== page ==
Burma’s military-backed government should form a joint domestic and international board with the involvement of the UN to investigate how many political prisoners remain in Burma’s jails and secure their release, Burma Campaign UK (BCUK) said on Monday.
The unconditional release of all political prisoners is an essential step towards genuine democracy and freedom in Burma, it said in a statement. A joint domestic and international board must be formed with the involvement of the UN to investigate how many political prisoners remain in Burma’s jail, it said in a statement.
To draw attention to the remaining political prisoners, BCUK is highlighting the case of a different political prisoner each month. The political prisoner for this month is Zaw Zaw Aung, who was sent to life imprisonment in 2008.
Zaw Zaw Aung is a 33-year-old activist who was involved in raising awareness and educating the people of Burma about human rights and freedom. He was arrested in August 2008 and charged with four different counts, including under the 17/1 of the Unlawful Association Act and sentenced to life imprisonment.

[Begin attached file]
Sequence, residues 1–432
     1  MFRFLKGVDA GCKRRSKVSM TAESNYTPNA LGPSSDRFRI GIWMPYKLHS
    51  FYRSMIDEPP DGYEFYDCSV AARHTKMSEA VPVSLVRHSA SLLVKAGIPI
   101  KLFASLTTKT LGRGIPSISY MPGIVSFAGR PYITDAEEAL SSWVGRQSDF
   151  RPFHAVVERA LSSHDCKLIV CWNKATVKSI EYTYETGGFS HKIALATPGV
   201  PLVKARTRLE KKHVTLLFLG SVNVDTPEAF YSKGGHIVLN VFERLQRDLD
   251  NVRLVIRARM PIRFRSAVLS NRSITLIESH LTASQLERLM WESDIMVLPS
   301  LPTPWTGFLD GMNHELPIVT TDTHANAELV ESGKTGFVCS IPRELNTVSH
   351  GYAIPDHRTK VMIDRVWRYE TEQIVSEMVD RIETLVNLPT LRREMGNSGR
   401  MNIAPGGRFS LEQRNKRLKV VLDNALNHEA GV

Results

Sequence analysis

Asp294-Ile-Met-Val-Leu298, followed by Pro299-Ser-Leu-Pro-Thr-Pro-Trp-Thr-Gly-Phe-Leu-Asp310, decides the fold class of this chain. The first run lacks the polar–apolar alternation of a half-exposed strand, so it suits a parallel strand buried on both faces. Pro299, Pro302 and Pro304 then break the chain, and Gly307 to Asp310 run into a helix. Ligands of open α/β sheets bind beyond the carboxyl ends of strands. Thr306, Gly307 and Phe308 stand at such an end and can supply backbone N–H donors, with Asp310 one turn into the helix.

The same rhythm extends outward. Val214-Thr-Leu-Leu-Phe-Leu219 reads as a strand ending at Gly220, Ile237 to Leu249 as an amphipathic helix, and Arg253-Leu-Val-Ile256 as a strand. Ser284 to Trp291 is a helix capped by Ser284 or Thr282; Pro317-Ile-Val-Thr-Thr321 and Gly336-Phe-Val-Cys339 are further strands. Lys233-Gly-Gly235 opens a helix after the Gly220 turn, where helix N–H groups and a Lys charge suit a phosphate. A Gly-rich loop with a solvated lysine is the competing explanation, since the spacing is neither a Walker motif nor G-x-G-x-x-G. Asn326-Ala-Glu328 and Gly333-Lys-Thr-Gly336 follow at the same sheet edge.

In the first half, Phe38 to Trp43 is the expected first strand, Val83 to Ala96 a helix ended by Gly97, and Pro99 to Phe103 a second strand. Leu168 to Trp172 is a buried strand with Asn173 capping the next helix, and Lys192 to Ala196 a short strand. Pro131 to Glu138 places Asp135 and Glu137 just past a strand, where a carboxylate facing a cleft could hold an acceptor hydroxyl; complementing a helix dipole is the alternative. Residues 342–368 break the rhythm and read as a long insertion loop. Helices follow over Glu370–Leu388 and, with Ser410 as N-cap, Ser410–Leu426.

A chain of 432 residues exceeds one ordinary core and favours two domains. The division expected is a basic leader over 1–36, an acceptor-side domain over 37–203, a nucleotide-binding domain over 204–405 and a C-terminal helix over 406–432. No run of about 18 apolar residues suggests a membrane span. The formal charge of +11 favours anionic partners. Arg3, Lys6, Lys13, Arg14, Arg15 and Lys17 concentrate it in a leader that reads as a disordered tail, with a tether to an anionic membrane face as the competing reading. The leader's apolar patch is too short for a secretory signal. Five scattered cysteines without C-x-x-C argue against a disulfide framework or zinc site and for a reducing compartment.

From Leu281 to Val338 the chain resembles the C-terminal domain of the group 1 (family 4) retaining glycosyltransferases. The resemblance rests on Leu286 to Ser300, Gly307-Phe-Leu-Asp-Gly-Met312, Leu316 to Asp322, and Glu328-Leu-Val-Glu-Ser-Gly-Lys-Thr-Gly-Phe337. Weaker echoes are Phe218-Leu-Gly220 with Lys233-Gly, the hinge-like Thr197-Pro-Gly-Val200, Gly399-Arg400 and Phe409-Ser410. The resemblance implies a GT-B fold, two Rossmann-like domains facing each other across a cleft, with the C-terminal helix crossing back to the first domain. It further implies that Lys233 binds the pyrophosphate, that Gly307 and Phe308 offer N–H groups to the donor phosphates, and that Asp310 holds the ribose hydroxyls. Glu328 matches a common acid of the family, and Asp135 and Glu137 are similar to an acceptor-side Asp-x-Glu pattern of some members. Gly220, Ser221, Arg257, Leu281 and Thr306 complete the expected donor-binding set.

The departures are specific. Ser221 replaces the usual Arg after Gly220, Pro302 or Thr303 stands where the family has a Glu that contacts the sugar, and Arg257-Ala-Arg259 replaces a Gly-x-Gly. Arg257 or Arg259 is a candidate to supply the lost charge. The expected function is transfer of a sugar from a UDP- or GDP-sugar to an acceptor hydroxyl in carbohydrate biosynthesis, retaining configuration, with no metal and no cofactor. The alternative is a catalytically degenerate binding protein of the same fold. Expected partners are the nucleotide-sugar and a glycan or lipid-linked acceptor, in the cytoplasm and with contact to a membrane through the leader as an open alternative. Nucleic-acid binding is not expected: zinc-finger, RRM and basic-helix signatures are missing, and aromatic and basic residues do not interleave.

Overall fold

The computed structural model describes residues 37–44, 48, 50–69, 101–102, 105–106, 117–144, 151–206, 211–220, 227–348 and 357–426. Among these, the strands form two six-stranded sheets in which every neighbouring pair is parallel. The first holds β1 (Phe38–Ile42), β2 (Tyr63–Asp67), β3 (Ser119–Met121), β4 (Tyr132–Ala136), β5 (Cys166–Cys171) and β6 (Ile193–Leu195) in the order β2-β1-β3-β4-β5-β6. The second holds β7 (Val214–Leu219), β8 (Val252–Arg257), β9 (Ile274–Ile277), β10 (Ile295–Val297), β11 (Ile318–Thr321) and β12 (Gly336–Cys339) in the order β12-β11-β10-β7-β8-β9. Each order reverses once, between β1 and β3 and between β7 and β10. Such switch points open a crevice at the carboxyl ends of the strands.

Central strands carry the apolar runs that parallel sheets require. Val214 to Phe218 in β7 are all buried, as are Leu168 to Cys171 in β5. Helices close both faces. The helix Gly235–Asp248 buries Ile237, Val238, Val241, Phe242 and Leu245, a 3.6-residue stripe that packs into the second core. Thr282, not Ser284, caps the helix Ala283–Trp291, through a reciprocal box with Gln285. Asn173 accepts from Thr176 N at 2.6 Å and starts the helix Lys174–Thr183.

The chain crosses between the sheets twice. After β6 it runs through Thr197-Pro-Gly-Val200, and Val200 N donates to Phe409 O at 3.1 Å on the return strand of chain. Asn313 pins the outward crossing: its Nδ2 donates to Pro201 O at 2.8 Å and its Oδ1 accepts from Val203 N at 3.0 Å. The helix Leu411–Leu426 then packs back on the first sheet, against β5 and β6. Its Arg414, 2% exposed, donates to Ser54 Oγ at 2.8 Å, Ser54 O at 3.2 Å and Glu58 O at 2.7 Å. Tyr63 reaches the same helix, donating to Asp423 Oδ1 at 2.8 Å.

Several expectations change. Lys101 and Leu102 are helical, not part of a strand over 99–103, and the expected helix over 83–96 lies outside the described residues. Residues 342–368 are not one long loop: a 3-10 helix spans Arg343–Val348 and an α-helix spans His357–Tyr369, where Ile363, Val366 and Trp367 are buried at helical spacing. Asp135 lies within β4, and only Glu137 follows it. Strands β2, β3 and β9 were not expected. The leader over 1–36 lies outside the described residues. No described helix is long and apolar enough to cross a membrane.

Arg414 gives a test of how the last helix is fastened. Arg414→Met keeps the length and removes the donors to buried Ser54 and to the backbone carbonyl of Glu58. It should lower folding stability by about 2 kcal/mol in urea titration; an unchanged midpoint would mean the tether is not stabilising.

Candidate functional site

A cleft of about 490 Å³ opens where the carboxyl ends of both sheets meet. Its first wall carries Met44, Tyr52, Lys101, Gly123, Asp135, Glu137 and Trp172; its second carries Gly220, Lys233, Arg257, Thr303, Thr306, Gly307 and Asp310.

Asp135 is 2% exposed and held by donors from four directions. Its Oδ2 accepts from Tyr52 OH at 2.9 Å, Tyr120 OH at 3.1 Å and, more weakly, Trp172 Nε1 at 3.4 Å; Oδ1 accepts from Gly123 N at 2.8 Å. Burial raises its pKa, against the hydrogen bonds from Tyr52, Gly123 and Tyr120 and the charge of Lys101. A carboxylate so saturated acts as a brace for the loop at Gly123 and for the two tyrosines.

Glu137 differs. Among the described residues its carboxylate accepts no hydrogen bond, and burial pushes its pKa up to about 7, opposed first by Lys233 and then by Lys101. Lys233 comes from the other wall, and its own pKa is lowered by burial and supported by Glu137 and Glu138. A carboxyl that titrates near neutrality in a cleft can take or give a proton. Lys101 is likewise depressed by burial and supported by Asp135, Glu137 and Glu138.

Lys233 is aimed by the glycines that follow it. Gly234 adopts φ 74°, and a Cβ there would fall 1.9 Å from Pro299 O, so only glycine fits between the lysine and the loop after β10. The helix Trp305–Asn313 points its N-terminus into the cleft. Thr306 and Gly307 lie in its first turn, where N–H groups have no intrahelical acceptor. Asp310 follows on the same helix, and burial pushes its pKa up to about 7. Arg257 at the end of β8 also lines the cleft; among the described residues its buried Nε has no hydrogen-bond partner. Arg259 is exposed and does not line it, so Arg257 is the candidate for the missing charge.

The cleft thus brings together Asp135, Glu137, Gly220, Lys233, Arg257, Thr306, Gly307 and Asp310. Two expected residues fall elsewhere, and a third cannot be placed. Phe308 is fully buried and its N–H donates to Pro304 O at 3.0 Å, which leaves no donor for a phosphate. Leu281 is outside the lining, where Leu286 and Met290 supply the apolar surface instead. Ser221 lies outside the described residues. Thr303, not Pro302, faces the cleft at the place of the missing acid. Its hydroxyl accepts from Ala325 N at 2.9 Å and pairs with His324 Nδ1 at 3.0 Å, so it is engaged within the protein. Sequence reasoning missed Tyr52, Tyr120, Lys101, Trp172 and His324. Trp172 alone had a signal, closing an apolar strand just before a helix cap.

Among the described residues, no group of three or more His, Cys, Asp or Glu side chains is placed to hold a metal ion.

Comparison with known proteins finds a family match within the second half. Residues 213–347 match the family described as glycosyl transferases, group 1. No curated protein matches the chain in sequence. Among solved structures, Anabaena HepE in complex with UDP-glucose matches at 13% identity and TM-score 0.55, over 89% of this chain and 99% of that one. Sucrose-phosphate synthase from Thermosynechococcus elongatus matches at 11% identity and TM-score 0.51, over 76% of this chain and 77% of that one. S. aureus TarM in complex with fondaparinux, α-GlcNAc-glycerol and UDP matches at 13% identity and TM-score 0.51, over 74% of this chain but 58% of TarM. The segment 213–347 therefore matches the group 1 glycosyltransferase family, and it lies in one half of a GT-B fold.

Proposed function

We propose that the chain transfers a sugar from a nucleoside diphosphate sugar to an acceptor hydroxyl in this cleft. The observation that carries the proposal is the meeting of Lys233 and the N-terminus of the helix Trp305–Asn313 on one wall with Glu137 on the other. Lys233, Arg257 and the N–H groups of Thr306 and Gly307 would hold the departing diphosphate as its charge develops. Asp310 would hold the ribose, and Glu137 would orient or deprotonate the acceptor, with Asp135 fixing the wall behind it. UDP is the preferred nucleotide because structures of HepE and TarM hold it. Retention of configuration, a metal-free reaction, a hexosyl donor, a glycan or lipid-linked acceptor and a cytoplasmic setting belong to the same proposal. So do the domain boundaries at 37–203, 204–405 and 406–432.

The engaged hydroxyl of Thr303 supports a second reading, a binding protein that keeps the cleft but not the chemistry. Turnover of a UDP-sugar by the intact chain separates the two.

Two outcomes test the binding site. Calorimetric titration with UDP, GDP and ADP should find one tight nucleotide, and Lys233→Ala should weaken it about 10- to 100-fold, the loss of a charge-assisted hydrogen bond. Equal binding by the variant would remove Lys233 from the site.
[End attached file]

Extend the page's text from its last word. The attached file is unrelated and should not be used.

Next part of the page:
“It is very disappointing to see that political activists in Burma still remain in jails regardless of all the changes,” said Wai Hnin, BCUK campaigns officer “To bring a proper democratic system to Burma, President Thein Sein must allow a joint domestic and international board to be formed with the help of the UN to investigate how many activists in Burma remain in jail and secure their release as soon as possible.
Burma Campaign UK is asking supporters to write a letter to Foreign Office Minister Jeremy Browne asking him to pressure the military backed government to allow the formation of a joint domestic and international board with the involvement of the UN to investigate the numbers of political prisoners remaining in Burma’s jails and secure their releases.
Various human rights or domestic Burmese groups groups estimate that between 200 and 600 political prisoners remain imprisoned. The government is not transparent in regard to the number of political prisoners it holds. It refuses to acknowledge the term, saying all prisoners have been convicted of breaking existing laws.
On July 28, the Assistance Association of Political Prisoners-Burma (AAPP) said there were 444 confirmed political prisoners in Burmese jails.
The figure will continue to fluctuate and is expected to increase as the verification process continues, said the AAPP.
The lifting of some sanctions against Burma “should not blur the fact that hundreds of political prisoners are still imprisoned and that the treatment they are given fails to comply with international standards,” said the AAPP.